Left Unity has no shortage of doubters. There are many who reject electoral politics altogether and others who remain committed to working in the Labour Party. And not a few who simply doubt the left’s capacity to measure up to the challenge.
By Felicity Dowling
August 11, 2013 -- Left Unity -- We face the probability of a terrible decline in the social wealth of the working people in the UK, a critical change in the life experience of working-class people. Hunger, want and fear are coming back to this and other countries. Thousands have signed petitions supporting the call for a new political formation under the banner of Left Unity. On November 30, hundreds of founding members of this new party will inaugurate it, determine our political direction, our priorities and the nature of the organisation itself.
Three different political platforms have been published in the run-up
to this founding conference of Left Unity to try to put forward the
best way for us to move forward. A platform is a set of ideas that a
group wants to put forward to be considered at the founding conference.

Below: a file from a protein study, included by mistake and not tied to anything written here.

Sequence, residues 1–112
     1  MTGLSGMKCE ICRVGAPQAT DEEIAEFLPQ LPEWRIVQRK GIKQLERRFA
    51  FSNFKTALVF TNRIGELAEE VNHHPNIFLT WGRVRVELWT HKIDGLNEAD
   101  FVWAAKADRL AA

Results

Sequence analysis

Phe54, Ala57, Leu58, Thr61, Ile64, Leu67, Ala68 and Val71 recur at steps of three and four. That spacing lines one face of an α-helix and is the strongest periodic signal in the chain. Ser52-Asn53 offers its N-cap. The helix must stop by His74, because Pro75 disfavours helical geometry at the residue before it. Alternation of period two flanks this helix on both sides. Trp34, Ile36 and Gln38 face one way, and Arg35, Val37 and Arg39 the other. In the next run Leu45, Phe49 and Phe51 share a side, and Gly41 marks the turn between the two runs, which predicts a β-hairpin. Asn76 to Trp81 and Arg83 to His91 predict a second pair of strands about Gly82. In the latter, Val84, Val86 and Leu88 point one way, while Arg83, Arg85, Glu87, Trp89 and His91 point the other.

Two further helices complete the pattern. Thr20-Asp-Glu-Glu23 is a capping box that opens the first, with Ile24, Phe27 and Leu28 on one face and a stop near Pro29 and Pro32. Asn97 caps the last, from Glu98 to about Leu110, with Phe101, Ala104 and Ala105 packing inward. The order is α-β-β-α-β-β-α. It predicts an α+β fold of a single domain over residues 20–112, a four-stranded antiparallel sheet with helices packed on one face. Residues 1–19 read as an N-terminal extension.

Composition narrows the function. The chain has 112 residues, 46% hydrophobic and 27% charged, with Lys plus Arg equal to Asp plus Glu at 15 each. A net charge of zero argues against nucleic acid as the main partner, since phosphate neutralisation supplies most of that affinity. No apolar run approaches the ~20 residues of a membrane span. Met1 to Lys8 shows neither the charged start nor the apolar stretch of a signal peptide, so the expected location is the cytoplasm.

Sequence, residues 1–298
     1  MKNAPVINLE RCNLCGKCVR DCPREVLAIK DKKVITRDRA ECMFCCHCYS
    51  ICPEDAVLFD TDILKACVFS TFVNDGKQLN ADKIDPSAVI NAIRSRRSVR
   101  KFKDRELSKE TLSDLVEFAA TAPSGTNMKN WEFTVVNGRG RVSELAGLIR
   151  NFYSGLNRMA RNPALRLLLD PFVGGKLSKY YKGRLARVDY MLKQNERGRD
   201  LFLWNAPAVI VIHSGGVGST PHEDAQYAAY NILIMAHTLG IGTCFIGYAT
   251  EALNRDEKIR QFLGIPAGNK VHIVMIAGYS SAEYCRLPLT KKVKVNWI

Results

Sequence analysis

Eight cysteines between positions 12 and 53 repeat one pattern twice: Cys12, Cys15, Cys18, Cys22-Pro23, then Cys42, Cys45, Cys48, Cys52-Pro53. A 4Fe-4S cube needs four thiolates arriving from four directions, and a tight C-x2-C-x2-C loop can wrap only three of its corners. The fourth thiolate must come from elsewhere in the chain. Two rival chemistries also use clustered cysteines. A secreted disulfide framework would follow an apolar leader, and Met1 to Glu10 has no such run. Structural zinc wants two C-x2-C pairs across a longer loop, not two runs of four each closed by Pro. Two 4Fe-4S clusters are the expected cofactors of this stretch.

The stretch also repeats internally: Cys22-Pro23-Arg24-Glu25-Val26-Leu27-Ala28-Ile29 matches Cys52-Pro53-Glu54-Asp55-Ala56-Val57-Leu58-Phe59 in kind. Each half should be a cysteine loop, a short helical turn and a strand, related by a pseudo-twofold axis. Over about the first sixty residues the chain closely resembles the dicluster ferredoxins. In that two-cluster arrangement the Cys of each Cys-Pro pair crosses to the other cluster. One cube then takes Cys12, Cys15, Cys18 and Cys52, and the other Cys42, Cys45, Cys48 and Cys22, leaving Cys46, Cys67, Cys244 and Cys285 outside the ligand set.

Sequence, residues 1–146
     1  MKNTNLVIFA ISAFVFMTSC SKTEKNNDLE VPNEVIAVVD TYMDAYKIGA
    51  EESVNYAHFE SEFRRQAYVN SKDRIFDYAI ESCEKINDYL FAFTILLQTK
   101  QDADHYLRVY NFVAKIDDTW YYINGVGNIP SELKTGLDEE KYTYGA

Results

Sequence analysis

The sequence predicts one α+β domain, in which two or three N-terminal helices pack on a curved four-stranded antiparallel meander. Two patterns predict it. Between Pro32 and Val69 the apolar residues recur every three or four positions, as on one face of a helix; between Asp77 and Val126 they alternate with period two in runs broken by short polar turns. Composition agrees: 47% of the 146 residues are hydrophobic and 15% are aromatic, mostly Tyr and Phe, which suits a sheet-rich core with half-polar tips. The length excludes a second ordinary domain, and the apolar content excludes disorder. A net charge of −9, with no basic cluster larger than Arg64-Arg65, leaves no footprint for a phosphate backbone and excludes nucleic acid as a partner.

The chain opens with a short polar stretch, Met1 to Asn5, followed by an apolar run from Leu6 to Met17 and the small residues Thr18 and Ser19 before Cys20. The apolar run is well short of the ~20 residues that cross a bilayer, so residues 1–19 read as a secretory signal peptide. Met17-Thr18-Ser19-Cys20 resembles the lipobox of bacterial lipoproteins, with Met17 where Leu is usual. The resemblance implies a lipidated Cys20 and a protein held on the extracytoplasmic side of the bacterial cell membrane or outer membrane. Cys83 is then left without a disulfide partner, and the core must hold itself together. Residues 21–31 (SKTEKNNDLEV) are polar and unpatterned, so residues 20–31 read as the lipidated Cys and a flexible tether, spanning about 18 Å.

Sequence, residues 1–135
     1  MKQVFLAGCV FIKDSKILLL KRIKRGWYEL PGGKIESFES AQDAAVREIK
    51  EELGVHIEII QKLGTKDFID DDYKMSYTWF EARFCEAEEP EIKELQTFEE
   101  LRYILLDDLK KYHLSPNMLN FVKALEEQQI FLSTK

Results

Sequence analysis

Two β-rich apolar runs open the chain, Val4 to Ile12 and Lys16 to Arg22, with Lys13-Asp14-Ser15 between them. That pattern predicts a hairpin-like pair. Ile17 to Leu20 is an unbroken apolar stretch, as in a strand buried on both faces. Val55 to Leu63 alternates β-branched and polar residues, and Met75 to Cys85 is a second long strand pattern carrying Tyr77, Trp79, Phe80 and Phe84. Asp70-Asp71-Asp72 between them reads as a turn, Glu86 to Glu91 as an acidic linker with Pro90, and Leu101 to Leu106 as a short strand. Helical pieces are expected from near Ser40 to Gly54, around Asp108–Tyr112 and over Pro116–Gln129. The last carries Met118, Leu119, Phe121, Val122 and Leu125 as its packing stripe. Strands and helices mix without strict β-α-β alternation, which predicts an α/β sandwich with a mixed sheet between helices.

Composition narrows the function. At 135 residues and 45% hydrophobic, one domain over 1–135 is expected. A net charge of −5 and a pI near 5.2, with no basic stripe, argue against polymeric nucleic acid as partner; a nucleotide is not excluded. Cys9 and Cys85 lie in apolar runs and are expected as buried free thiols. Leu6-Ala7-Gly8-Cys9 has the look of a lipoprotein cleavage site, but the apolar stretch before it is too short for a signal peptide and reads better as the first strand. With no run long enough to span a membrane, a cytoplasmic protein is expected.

Political discussion helps us all understand the tasks facing Left
Unity, and the range of political opinion within the organisation.
Solidarity and inclusiveness will help us all make the most of these
discussions. Each member has a right to comment and any group of ten can
produce an alternative platform.
What are the differences between the platforms? This post will, I hope, lay the positions of the three platforms side by side so that people can compare them directly.
How should socialists organise? Paul Le Blanc, Gilbert Achcar discuss Leninism, left unity, revolutionary parties
July 31, 2013 -- SwpTvUK -- The following panel discussion -- involving Paul Le Blanc, a speaker from the SWP and Gilbert Achcar -- took place at Marxism 2013, organised by the British Socialist Workers Party. Questions addressed included Lenism today, "left reformism", the left unity process underway in Britain today and the crisis in the SWP. It is followed by a vigorous discussion from the floor.